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The city of Munich in southern Germany plans have all its electricity produced from 100 percent renewable sources by 2025, but that plan has led to opposition much farther north—in Norway.
Munich, Germany’s third most populous city and one of the country’s most important economic hubs, set in 2009 the ambitious goal of achieving 100 percent renewable energy supply by 2025.
However, Munich can’t produce on its own solar and wind power enough to generate all-renewables electricity supply for the city of more than 1.3 million residents. The state in which Munich is located, Bavaria, has imposed restrictions on new wind developments, further complicating Munich’s efforts to go all-green electricity by 2025. So the city’s utility has invested in wind projects abroad—in Norway, from where electricity will be exported to Germany.
However, the wind projects in Norway have stirred opposition from environmentalists, hikers, and an indigenous minority in Norway, because the wind farms are set up in sensitive areas, German news outlet Welt Online reports.
“Norway has only 12 percent wilderness left, and this area is shrinking,” Clean Energy Wire quoted Per Hanasand, chairman of the Norwegian hiking and trekking association, as telling Welt Online.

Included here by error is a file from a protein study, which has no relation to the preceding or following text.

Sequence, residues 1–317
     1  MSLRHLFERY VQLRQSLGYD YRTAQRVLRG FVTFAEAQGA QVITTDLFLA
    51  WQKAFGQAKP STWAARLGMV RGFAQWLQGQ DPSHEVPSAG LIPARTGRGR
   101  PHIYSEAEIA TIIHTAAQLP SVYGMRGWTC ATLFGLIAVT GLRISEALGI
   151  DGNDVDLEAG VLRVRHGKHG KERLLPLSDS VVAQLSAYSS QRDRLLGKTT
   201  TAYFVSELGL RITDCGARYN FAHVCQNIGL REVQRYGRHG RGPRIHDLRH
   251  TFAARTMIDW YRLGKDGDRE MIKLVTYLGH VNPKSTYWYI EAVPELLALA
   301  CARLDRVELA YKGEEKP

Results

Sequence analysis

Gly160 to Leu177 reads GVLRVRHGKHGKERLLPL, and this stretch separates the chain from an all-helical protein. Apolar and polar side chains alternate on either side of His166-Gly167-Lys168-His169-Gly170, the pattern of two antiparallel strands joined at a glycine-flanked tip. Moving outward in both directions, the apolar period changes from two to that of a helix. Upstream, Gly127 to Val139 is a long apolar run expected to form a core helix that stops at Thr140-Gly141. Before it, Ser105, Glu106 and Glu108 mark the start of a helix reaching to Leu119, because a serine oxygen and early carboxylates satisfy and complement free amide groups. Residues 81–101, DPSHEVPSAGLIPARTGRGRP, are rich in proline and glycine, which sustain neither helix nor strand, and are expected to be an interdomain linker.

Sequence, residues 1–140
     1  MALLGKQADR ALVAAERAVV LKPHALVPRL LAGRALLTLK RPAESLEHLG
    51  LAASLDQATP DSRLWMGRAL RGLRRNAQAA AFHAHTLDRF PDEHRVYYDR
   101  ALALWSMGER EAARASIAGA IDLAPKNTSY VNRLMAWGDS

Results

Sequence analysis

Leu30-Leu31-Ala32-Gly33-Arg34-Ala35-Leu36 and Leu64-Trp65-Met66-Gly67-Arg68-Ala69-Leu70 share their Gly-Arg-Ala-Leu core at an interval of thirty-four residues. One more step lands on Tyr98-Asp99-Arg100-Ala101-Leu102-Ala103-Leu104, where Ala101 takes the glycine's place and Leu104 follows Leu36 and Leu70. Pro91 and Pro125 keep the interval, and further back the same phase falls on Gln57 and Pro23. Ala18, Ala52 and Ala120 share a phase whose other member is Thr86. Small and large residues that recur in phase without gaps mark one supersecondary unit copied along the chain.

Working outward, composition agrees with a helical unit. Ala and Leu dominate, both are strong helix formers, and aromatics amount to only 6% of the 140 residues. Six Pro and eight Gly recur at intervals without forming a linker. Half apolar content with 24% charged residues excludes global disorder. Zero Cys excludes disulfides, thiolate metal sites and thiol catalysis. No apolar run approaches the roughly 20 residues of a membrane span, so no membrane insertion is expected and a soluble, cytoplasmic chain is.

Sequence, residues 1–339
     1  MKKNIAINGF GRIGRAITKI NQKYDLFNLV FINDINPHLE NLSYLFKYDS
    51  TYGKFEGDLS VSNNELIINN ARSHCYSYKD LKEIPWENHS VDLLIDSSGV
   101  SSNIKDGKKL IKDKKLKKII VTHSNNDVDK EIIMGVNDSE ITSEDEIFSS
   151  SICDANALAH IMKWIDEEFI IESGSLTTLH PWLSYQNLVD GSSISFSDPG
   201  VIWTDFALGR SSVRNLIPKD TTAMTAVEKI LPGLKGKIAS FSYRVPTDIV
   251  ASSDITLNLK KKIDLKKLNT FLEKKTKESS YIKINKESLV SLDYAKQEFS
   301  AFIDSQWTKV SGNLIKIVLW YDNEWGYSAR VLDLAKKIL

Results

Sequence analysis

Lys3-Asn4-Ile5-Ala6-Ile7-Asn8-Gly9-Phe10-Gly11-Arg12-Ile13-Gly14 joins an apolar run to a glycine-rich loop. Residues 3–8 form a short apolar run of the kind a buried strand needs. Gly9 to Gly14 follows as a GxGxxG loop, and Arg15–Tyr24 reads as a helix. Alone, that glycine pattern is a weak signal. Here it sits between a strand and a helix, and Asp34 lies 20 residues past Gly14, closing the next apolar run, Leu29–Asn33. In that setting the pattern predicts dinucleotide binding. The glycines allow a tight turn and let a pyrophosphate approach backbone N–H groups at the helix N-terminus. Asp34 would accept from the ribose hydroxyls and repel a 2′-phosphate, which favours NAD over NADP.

The wind farm developments in sensitive areas in Norway are even more controversial because all the electricity produced is exported, according to Welt Online.
Most of Norway’s electricity generation comes from hydropower, which had a 93.9-percent share of Norway’s electricity production in December 2018, according to the statistics office. The rest of Norway’s electricity generation came from wind power, 3.9 percent, and from thermal power, 2.2 percent.
Last month, Germany became the latest large European economy to lay out a plan to phase out coal-fired power generation, aimed at cutting carbon emissions. A government-appointed special commission at Europe’s largest economy proposed Germany to shut all its 84 coal-fired power plants by 2038. While Germany will mostly seek to replace coal capacity with renewables, the country’s suppliers of natural gas—including Norway—expect to benefit from the coal exit.
By Tsvetana Paraskova for Oilprice.com
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Tsvetana is a writer for Oilprice.com with over a decade of experience writing for news outlets such as iNVEZZ and SeeNews.